Combining the International Classification of Functioning (ICF) with Standardized Testing: An In-Depth Look at Squatting

Devin likes to go fishing; it’s his favorite hobby.  He is a five-year old boy with a diagnosis of bilateral cerebral palsy, GMFCS level 1.  Devin perches at the river’s edge in a deep squat in order to catch a glimpse of the trout beneath him.

Deep squatting is useful for a variety of reasons, like getting close to the floor to see something clearly, or to rest without getting on knees or bottom.  It requires adequate hip flexion range, ankle range, and postural control.  It is a developmental milestone.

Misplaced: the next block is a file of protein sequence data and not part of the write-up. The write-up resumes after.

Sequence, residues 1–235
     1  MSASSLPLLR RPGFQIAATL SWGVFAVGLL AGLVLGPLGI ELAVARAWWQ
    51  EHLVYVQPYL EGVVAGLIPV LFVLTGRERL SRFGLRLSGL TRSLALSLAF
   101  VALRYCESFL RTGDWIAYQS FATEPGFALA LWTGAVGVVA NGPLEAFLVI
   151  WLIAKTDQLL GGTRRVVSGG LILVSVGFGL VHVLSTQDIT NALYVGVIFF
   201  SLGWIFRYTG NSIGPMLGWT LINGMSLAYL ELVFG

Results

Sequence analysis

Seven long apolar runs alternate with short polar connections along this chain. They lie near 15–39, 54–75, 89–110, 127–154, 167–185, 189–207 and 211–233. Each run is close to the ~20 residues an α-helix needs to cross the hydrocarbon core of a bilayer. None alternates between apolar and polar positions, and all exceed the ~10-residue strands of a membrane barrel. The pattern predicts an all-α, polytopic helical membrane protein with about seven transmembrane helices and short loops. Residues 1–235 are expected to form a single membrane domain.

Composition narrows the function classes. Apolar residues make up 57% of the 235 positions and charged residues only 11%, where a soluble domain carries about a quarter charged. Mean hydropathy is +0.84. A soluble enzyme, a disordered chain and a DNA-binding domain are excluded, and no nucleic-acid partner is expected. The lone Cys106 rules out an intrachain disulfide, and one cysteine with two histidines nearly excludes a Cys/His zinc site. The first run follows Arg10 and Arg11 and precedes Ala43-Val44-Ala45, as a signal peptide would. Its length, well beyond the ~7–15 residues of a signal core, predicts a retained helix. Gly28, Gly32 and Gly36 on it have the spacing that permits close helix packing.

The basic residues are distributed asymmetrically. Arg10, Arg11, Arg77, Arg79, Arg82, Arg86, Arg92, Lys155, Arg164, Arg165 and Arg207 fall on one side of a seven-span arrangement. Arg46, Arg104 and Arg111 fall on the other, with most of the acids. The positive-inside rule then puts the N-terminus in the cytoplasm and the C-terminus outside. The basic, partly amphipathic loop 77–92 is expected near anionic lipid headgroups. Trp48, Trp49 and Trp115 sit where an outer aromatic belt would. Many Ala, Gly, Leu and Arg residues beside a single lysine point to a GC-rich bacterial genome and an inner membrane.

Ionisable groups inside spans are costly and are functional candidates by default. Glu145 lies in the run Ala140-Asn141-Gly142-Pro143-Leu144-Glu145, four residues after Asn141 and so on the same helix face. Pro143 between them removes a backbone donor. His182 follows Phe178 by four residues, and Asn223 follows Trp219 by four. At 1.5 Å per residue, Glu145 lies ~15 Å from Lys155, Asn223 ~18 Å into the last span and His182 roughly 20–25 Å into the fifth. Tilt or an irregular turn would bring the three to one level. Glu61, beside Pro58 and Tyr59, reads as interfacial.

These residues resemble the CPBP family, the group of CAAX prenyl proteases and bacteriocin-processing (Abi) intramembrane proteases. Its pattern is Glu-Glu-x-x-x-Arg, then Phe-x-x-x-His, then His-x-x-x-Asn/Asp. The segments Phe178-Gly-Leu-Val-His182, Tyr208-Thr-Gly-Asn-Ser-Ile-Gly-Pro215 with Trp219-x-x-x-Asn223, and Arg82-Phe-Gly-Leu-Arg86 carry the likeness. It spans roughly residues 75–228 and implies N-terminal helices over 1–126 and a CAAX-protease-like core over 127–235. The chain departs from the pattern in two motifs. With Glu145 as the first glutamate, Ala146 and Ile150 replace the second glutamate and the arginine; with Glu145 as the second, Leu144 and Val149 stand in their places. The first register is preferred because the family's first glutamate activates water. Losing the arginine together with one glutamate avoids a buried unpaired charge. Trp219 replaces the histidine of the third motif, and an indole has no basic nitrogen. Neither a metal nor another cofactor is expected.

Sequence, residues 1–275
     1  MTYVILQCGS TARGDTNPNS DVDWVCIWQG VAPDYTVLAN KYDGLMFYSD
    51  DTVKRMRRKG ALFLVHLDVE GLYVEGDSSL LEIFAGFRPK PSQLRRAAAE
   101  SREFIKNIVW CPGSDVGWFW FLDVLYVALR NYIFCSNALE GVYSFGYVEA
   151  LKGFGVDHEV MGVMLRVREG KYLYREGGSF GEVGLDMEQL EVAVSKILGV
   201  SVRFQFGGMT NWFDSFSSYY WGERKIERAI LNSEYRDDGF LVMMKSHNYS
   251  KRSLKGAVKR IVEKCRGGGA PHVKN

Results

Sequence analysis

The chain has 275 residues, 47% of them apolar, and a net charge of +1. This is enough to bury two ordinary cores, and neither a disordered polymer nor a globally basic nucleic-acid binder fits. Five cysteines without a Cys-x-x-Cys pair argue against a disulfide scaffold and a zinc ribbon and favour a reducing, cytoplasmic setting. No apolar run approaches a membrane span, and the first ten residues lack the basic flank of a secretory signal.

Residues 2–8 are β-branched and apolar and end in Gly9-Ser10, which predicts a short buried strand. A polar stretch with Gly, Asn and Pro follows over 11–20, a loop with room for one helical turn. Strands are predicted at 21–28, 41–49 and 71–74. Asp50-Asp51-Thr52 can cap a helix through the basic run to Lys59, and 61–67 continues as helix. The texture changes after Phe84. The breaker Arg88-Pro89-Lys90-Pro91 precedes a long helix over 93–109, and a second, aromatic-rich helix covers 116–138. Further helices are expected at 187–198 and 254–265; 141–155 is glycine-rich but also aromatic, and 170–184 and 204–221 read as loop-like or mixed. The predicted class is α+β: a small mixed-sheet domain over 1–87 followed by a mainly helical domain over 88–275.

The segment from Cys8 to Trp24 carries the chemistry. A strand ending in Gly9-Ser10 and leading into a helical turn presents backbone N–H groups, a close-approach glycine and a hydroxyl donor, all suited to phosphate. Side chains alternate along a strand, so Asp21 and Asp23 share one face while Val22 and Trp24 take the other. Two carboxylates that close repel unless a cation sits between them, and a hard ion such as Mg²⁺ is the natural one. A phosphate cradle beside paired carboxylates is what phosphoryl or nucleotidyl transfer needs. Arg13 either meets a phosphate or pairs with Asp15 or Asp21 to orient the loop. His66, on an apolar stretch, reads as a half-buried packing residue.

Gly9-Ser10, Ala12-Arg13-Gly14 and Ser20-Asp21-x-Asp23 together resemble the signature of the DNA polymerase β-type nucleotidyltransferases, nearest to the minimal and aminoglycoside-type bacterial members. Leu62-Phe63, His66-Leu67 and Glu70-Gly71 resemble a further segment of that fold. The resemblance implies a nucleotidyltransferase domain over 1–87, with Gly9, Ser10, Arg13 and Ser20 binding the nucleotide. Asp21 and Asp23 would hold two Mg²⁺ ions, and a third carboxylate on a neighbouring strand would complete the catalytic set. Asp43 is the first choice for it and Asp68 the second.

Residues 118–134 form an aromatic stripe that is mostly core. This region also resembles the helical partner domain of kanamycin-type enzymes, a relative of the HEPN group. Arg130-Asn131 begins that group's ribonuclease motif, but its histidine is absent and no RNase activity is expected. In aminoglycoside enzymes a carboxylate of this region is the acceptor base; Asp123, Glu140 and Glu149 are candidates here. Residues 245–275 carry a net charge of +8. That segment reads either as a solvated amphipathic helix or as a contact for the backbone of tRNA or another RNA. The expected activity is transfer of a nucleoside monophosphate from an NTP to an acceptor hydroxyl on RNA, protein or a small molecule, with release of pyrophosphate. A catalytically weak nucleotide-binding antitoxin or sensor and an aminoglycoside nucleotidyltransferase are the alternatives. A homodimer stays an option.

When I look at the drawing of Devin, I wonder why:

  • Devin has an inverted foot position on right.
  • His low back position shows excessive lumbar flexion during a deep squat.
  • His pelvis is posteriorly tilted.
  • He is stabilizing, or limiting his degrees of freedom, by bracing his right elbow on his right knee and resting his chin firmly on his left knee.

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